Signal Processing Asked on January 6, 2022

Let $$y[n] – ABy[n-1] +A^2y[n-2] = x[n] – Bx[n-1] +x[n-2]$$

Where $A$ and $B$ are constants. Also there are two sounds which have $400$ hertz noise and the sampling rate is $8000$ samples/sec. The task is determining $A$ and $B$ in order to eliminate the noise. I’ve written a MATLAB program which takes $A$ and $B$ as inputs and then plots the frequency response of the filter as output(using freqz command). Letting $A = 0.9$ and changing $B$ from $1.4$ to $1.9$ leads to shifting the band stop region to the left:

Since we want to remove $400$ hertz noise choosing $B = 1.9$ is good because $0.1 times frac{8000}{2} = 400$. The main problem is finding appropriate $A$. Let $B = 1.4$ and increase $A$ from $1.1$. Part of magnitude plot will move downward:

Conversely, if $B = 1.9$ increasing $A$ from $0.1$ to $0.9$ causes plot moves upward. If $A = 1$ then magnitude plot is a straight line

It seems there is some sort of usual trade-off situation here. More elimination of noise is achieved if we select larger values for $A$ but this causes more attenuation in other frequencies as well. Is there any mathematical solution for finding the best values for $A$ and $B$? Also how we can design better filters for removing $400$ hertz noise? I mean alternative solutions instead of mentioned IIR filter.

This is meant as a stepping stone up to Dan's answer.

The units for frequency at the sample level are radians per sample. You've got:

$$ 400 frac{cycles}{second} cdot 2 pi frac{radians}{cycle} / 8000 frac{samples}{second} = frac{pi}{10} frac{radians}{sample} $$

That is your target $omega_t$.

Sound is a real valued signal, so you can model it like this:

$$ s[n] = A cos( omega n + phi ) = A frac{ e^{i(omega n + phi)}+e^{-i(omega n + phi)} }{2} $$

Those are your two complex tones you want to zero out. Notice the the units work out as well.

$$ omega frac{radians}{sample} cdot n; samples = omega n ; radians $$

Starting with:

$$ y[n] - ABy[n-1] +A^2y[n-2] = x[n] - Bx[n-1] +x[n-2] $$

Suppose that: $$ begin{aligned} y[n] &= A_y e^{i(omega n + phi_y) } \ x[n] &= A_x e^{i(omega n + phi_x) } \ end{aligned} $$

It follows that: $$ begin{aligned} y[n+d] &= A_y e^{i(omega (n + d) + phi_y) } = A_y e^{i(omega n + phi_y }e^{i(omega d) } = y[n]e^{iomega d } \ x[n+d] &= A_x e^{i(omega (n + d) + phi_x) } = A_x e^{i(omega n + phi_x }e^{i(omega d) } = x[n]e^{iomega d } \ end{aligned} $$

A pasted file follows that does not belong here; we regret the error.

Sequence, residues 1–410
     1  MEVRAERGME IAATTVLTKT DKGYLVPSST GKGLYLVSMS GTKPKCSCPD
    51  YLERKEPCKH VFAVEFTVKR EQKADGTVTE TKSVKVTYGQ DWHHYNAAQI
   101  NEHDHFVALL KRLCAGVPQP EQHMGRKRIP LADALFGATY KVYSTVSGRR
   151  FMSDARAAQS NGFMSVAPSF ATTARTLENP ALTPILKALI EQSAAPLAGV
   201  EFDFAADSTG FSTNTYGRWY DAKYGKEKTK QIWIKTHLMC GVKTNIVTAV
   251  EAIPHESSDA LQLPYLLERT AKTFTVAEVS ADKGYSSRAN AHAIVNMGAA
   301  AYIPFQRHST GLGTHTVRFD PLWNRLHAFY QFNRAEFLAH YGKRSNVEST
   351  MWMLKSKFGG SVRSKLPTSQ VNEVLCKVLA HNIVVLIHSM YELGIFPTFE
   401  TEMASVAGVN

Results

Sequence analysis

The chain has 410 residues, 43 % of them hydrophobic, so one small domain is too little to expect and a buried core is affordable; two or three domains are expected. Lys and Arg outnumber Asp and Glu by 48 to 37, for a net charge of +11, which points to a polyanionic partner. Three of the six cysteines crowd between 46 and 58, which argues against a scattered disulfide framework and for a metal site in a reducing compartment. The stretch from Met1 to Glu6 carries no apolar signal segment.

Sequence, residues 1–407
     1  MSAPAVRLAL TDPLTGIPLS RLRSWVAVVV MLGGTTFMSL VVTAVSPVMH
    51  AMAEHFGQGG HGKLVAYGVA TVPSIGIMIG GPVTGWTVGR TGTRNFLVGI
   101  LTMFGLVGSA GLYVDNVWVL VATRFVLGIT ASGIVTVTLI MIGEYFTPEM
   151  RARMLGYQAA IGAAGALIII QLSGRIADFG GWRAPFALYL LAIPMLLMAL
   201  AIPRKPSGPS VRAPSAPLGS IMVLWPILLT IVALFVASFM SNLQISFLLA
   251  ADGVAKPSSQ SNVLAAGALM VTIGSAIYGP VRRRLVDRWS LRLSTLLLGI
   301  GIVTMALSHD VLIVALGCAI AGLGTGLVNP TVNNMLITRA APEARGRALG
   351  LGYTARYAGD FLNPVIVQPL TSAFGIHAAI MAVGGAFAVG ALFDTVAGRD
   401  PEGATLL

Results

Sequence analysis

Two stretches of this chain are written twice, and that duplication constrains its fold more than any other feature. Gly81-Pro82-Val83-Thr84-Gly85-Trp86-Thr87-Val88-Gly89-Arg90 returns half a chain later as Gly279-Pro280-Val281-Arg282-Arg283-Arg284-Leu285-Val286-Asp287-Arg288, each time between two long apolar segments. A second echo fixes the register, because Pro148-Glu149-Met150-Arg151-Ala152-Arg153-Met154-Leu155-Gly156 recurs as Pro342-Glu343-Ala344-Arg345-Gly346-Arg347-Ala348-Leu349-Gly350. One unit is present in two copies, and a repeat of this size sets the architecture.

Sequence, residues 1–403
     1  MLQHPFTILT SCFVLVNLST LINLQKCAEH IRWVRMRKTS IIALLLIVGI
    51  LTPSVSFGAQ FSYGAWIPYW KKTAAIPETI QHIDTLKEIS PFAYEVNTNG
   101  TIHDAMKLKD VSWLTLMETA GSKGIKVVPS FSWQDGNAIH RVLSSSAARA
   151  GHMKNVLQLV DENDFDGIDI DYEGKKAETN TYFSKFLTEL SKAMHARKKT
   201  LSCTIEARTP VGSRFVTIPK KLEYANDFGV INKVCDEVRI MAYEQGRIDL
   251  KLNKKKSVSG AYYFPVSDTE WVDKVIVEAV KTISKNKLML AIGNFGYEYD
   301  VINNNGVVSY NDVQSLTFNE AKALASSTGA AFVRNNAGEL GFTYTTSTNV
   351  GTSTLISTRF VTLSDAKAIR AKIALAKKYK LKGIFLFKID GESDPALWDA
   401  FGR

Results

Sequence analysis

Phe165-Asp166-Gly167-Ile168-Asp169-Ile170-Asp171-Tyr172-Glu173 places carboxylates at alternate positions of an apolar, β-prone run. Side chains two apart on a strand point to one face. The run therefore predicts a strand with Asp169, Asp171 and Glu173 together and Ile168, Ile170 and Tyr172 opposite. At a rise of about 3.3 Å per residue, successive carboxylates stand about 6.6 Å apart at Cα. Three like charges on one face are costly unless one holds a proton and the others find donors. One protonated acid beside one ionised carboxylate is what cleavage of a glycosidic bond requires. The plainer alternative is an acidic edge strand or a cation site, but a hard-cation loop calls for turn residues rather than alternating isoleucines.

Plug those into your equation:

$$ begin{aligned} y[n] - ABy[n-1] +A^2y[n-2] &= x[n] - Bx[n-1] +x[n-2] \ y[n] left[ 1 - AB e^{iomega } + A^2 e^{i2omega } right] &= x[n] left[ 1 - B e^{iomega} + e^{i2omega} right] \ end{aligned} $$

For convenience, make a substitution:

$$ z = e^{iomega} $$

$$ begin{aligned} ( 1 - AB z + A^2 z^2 ) cdot y[n] &= ( 1 - B z + z^2 ) cdot x[n] end{aligned} $$

Your $z_1$ and $z_2$ represent the two tones you want to zero. By putting the polynomial for $x[n]$ in factor form, your target values can be plugged right in.

$$ begin{aligned} 0 = ( 1 - B z + z^2 ) = ( z - z_1 )(z - z_2 ) = z^2 - (z_1 + z_2)z + z_1 z_2 end{aligned} $$

$$ begin{aligned} z_1 &= e^{iomega_t} \ z_2 &= e^{-iomega_t} end{aligned} $$

Observe:

$$ z_1 z_2 = e^{iomega_t} e^{-iomega_t} = e^0 = 1 $$

Which fits in the equation without rescaling, therefore

$$ B = z_1 + z_2 = e^{iomega_t} + e^{-iomega_t} = 2 cos(omega_t) $$

Now, continue with Dan's answer.

Answered by Cedron Dawg on January 6, 2022

**Bottom Line:**

$$A <1$$

$$B =2cos(omega_n)$$

Where $omega_n$ is the normalized angular frequency of the desired notch location (in this case for the OP with a sampling rate of 8KHz and notch at 400 Hz this would be $omega_n = 2pi400/8000 = pi/10$), resulting in $B approx 1.902$ and $A$ is the frequency notch bandwidth parameter; the closer $A$ is to 1 the tighter the bandwidth of the notch.

**Details:**

The straight-forward approach to eliminating narrow band noise at 400 Hz would be a classic 2nd order notch filter. This is detailed at this post:

Transfer function of second order notch filter

This approach is done by simply placing a zero at the frequency of interest, and by adding a pole close to the zero, but inside the unit circle of course to be stable, we can adjust the bandwidth of the notch by the proximity of this pole to that zero, meaning $|p|<1$, but close to 1.

Using real coefficients, meaning complex conjugate zeros and poles as detailed in the linked post, this results in the transfer function:

$$ H(z) = frac{1+a}{2}frac{z^2-2zcos(omega_n)+1}{(z^2-2azcos(omega_n)+a^2)} $$

Which as a difference equation is exactly in the form that the OP has used and therefore given this is the same filter, answers the OP's question. This is is derived from the z-transform as follows (we can ignore the gain scaling parameter $(1+a)/2$ which for most cases is close to 1, and express in decreasing powers of z (and assuming I didn't make simple algebra errors!):

$$ frac{Y(z)}{X(z)} = frac{1-2z^{-1}cos(omega_n)+z^{-2}}{(1-2az^{-1}cos(omega_n)+a^2z^{-2})} $$

$$ Y(z) (1-2az^{-1}cos(omega_n)+a^2z^{-2})= X(z)(1-2z^{-1}cos(omega_n)+z^{-2})$$

$$Y(z)- Y(z)2acos(omega_n)z^{-1}+Y(z)a^2z^{-2} = X(z)-X(z)2cos(omega_n) z^{-1} +X(z)z^{-2} $$

And then with the inverse Z transform we get the desired coefficients that the OP wanted:

$$y[n] - 2acos(omega_n)y[n-1] + a^2y[n-2] = x[n]-2cos(omega_n)x[n-1] + x[n-2] $$

With comparison to OP's expression:

$$y[n] - ABy[n-1] +A^2y[n-2] = x[n] - Bx[n-1] +x[n-2]$$

Results in the following:

$$A = a$$

$$B =2cos(omega_n)$$

Where $omega_n$ is the normalized angular frequency of the desired notch (for the OP's sampling rate and notch frequency this would be $omega_n = 2pi400/8000 = pi/10$) and $a$ is the notch bandwidth parameter ($a<1$, the closer a is to 1 the tighter the notch, refer to the linked post for complete details).

Answered by Dan Boschen on January 6, 2022

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